Ria.ru, commentator Petr Akopov, who generally echoes and amplifies official positions, was at pains to claim that the Taliban did not pose a threat to Russia or its allies. The threat to the Central Asian republics, Akopov claimed, emanated not from the Taliban but from various armed formations from the northern Afghan provinces, which could be defeated or ejected out from the country by the Taliban.

Another problem was the American insistence on maintaining bases outside the country or settling their interpreters in countries bordering on Afghanistan. Akopov believes that these interpreters could easily be resettled in the US, and the fact that the Americans want them nearby betrays an American ulterior motive to embroil Afghanistan’s neighbors with the Taliban: “‘You [Afghanistan’s neighbors] claim that you didn’t allow the Americans to deploy their bases on your territory, that you didn’t let the US intelligence work against Afghanistan from your territory, isn’t it? But what are thousands of Afghan citizens, who work for the US and live on their money, doing on your territory? Are they on vacation? Or are they engaged in subversive work against Afghanistan?'” it will be difficult to answer such questions posed by the new Taliban authorities”.[6].

In another article for Ria.ru, Akopov commented on the visit of a Taliban delegation to Moscow and claimed that the Taliban no longer fit the description of a terrorist organization with whom Russia did not negotiate. “The thing is that despite 20 years of American occupation, the former rulers of Afghanistan are still the most prominent force in the country. Now the Americans are withdrawing, and the Taliban is coming back.” The Taliban had been willing to cooperate with Moscow in reaching a negotiated settlement. Unfortunately, the Kabul government believed that the Americans would stay forever and did not negotiate in good faith.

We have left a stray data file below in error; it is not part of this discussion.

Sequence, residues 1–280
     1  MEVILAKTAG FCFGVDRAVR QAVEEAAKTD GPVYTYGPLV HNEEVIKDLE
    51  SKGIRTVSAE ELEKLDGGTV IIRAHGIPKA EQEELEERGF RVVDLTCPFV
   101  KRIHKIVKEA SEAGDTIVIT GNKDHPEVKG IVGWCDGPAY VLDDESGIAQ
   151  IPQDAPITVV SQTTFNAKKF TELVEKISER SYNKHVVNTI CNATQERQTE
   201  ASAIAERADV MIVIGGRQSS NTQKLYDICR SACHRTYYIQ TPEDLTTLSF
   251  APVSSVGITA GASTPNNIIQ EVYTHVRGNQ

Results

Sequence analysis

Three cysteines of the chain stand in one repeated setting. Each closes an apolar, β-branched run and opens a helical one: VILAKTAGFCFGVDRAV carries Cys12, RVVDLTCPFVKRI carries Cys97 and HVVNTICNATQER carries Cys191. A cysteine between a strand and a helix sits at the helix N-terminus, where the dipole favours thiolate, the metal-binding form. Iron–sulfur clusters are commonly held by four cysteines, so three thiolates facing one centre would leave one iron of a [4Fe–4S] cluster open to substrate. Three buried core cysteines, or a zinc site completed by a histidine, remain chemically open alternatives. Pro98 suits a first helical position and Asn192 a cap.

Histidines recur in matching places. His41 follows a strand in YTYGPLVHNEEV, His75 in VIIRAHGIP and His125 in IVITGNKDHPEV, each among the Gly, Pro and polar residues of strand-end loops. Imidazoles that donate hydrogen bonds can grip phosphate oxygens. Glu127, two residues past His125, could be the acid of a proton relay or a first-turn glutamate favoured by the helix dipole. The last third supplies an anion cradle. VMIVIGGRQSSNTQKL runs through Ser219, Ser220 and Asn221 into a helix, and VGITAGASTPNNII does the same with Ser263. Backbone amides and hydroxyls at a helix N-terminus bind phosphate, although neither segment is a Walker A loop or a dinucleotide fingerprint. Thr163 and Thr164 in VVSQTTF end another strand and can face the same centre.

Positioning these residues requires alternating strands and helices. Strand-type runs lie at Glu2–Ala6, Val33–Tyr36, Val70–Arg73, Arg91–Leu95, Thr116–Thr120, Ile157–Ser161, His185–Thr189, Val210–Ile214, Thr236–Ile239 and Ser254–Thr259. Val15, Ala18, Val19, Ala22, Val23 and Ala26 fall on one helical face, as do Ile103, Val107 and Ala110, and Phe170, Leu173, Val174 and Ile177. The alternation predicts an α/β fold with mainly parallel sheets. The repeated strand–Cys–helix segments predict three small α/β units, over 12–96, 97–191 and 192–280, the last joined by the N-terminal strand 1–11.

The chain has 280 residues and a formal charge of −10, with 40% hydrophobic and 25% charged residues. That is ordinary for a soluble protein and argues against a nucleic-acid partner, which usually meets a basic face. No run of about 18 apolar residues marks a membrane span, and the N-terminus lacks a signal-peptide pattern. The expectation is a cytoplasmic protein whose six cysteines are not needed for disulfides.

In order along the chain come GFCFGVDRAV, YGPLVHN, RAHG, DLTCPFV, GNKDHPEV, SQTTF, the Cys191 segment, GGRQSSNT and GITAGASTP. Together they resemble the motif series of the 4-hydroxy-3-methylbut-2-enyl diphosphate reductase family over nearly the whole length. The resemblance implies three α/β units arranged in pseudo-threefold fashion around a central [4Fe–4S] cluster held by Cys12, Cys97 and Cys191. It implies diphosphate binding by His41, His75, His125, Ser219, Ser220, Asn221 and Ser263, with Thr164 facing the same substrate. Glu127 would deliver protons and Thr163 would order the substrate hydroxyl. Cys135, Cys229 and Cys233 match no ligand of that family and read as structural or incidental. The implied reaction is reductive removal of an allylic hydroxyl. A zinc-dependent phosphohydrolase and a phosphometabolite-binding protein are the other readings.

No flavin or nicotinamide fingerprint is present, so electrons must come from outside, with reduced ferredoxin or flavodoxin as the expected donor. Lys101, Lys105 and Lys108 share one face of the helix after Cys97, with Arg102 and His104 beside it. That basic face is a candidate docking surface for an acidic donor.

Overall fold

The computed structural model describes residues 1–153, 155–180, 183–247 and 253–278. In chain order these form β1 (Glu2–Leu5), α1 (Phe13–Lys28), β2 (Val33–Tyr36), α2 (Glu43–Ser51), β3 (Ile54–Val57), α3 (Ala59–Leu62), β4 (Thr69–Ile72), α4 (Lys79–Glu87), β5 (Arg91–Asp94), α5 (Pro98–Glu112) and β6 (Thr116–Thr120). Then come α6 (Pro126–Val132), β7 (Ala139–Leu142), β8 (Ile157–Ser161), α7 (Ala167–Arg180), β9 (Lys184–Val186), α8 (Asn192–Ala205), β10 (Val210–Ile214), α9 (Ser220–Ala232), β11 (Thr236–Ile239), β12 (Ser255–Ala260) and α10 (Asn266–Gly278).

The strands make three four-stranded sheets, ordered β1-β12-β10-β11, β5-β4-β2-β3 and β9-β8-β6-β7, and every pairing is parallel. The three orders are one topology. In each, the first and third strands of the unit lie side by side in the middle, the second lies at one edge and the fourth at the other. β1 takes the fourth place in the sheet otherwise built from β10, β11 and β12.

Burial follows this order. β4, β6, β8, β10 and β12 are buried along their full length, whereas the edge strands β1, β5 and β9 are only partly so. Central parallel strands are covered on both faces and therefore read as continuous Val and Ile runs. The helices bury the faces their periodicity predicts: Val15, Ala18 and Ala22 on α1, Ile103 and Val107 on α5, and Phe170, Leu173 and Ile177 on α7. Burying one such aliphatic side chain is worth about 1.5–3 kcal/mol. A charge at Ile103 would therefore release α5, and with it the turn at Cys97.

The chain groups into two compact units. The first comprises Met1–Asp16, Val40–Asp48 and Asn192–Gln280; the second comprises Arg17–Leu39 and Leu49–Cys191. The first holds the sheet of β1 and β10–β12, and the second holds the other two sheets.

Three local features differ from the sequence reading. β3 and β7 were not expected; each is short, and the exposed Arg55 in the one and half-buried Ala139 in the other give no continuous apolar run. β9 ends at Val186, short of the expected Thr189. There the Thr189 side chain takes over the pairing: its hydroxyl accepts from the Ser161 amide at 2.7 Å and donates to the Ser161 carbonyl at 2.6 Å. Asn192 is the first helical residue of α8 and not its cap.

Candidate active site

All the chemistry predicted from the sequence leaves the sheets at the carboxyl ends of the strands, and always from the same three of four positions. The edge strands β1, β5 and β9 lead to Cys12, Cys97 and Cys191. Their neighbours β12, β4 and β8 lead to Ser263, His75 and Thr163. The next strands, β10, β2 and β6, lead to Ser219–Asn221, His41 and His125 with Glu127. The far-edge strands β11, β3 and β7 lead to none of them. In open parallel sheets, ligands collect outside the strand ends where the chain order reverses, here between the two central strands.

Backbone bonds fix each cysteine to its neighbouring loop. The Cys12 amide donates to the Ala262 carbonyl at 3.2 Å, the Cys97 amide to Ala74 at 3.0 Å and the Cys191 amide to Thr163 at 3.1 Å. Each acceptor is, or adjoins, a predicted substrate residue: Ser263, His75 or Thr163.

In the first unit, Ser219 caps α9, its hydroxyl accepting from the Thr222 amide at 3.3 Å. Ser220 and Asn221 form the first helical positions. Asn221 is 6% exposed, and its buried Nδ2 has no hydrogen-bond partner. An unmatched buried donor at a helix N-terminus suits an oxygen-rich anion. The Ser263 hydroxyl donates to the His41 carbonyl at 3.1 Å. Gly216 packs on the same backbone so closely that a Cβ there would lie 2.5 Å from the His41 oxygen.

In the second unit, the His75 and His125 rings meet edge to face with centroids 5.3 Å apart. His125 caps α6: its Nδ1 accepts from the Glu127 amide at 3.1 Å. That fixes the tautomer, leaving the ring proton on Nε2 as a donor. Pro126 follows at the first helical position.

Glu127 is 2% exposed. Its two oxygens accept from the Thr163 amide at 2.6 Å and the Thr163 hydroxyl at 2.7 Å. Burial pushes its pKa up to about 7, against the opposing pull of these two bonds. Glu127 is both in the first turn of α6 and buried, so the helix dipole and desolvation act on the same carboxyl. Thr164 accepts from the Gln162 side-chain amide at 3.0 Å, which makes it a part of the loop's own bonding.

Moscow’s optimal program was an intra-Afghan settlement; the minimum program is “the containment of Afghan problems, and protection of neighboring countries (primarily the Central Asian republics) that are allied or friendly us.”